Users of Big Data oriented datastores want to process millions of operations per second in a latency-sensitive manner. To achieve these kind of performance, the kernel can be a friend with whom we ally, or a foe who we bypass.
In this talk we will present the internal architecture of the Scylla datastore--a C++ from-scratch reimplementation of the popular Apache Cassandra with a performance baseline not previously seen in the NoSQL world. Attendees will learn about what Linux interfaces are employed in modern datastores and why and which trade offs usually go with them.
IPv6 has often been Characterized by those looking to minimize the FUD surrounding deployment as "96 more bits, no magic." In fact, minimizing the differences afforded by the 96 bits undersells the proposition of a new expansive address space. In this presentation we describe how fastly leverages IPv6 address space, as well as how we retrofit concepts gleaned from our IPv6 experience onto the legacy IPv4 network with it’s necessarily more limited resources. This talk covers changes that affect provisioning, security, dos protection, and availability.
The high-tech industry has revolutionized healthcare, but how can we ensure that patients retain control over personal data, are empowered to use open formats, and can access data using FOSS tools?
Right now there are 3 allocators for compressed objects (zbud, zsmalloc, z3fold) and 2 main users of these allocators (zswap, zram). However, you can't normally have all 6 combinations due to the restrictions of zram implementation which will be proved artificial in this talk.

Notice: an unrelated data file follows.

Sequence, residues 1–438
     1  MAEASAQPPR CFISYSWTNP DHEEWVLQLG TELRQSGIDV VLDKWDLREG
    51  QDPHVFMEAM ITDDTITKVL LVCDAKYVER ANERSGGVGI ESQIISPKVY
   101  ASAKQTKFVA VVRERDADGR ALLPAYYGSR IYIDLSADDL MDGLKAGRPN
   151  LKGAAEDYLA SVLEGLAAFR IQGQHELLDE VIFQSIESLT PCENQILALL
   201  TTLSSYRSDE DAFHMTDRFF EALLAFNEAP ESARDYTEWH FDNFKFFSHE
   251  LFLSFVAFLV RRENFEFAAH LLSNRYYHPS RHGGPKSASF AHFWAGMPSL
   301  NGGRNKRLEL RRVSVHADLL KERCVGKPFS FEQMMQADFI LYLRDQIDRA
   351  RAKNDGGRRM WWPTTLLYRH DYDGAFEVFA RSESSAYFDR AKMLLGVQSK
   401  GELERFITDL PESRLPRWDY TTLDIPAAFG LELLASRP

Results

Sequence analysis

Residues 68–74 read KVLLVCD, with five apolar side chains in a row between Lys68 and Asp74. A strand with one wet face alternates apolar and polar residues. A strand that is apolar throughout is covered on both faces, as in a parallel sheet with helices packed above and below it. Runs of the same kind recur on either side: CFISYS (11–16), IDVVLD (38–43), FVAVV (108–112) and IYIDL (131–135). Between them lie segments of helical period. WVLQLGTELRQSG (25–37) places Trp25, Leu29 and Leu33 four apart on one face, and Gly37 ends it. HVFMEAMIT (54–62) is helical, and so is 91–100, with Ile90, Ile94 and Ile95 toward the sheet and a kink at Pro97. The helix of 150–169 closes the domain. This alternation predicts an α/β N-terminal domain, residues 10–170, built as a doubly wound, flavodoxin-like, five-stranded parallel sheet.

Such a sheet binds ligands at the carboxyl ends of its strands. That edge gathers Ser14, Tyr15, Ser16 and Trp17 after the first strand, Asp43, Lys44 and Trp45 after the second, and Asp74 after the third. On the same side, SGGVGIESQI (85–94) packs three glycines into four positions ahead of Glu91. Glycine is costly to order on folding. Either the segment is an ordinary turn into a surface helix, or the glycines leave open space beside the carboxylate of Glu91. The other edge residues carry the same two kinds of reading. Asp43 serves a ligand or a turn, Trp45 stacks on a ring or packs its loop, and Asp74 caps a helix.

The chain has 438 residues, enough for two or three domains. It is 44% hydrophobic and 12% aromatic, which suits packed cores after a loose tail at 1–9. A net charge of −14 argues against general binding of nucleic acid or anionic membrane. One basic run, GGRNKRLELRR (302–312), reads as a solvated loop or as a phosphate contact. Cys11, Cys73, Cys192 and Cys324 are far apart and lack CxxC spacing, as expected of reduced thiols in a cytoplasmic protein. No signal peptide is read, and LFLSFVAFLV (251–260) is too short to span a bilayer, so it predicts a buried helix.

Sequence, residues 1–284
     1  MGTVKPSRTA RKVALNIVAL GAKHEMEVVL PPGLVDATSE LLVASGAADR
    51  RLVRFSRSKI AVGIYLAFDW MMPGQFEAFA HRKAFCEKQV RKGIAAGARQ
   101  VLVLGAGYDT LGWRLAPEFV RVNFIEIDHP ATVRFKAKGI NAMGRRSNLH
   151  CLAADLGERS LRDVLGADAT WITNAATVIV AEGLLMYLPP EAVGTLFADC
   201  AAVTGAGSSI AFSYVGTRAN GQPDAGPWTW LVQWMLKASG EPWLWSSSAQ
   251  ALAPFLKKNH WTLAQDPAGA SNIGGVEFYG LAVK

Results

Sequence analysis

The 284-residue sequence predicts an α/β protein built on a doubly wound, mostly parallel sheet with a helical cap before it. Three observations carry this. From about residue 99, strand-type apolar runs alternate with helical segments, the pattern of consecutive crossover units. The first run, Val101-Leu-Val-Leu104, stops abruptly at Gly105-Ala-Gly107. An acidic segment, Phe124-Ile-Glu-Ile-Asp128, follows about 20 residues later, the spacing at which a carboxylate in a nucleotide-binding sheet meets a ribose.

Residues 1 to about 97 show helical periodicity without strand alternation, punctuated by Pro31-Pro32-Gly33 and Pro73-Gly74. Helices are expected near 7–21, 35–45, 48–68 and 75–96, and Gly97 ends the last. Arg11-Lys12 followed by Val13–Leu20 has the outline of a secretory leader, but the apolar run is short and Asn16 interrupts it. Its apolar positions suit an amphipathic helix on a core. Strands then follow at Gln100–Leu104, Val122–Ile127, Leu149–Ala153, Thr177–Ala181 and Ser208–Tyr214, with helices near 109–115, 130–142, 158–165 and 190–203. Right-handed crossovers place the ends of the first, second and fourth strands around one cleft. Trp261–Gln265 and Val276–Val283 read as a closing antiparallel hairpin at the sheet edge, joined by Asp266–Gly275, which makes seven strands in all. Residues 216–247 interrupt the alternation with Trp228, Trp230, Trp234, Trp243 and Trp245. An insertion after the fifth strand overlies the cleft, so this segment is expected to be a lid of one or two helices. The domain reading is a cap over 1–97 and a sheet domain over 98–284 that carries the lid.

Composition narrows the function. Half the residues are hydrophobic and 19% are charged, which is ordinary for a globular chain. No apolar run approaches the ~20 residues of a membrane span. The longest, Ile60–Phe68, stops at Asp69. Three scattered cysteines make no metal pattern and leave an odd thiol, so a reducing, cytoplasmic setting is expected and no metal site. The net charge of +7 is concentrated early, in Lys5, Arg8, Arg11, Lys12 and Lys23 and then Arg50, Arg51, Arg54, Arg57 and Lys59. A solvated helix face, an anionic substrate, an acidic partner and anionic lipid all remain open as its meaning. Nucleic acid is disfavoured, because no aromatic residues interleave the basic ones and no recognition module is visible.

Apart from that and the performance and compression ratio comparisons for the allocators mentioned, we'll discuss the ongoing z3fold streamlining work, such as evaluating lock-less lists, per-CPU lists, wider use of atomic operations, bit read-write locks and implementing support for movable z3fold pages.
Your developers have built the node.js application, now it is finished and ready for production. You will need to get it running in Kubernetes.
The Internet today is plagued by many problems. From viruses and spam, to identity theft and piracy.
We can solve those problems.
With a virtual operating system that runs the cloud, using blockchains to secure identities and data, a virtual network layer to protect agains unauthorized network access, and a virtual machine to sandbox untrusted code.
This talk will describe Elastos, an Operating System for the smart web.
It will explore the approach that Elastos takes to achieve these goals, and gives a vision of a possible future internet.
How do breakpoints work? How does single stepping work? All tools that you may use in day-to-day life, but do you actually know how they work? During this talk, we will deepdive into the numerous tools Linux exposes that you can use to check and modify the state of another running process. Of course, most of it wouldn't be possible with just Linux support, so we will also have a brief look at the available hardware support
Embedded devices are all around us and have become deeply "embedded" into our daily lives : from micro controllers to "smart"-watches, routers and televisions, they are all around us. Many of us don't think twice about the root of control in these devices or even the software that runs on them. In some cases, manufactures lock users out from controlling these devices and cause a security nightmare when they stop supporting them. This session will cover a range of topics including : what libreCMC is, the project's goals and why Free Software is crucial in securing control and freedom.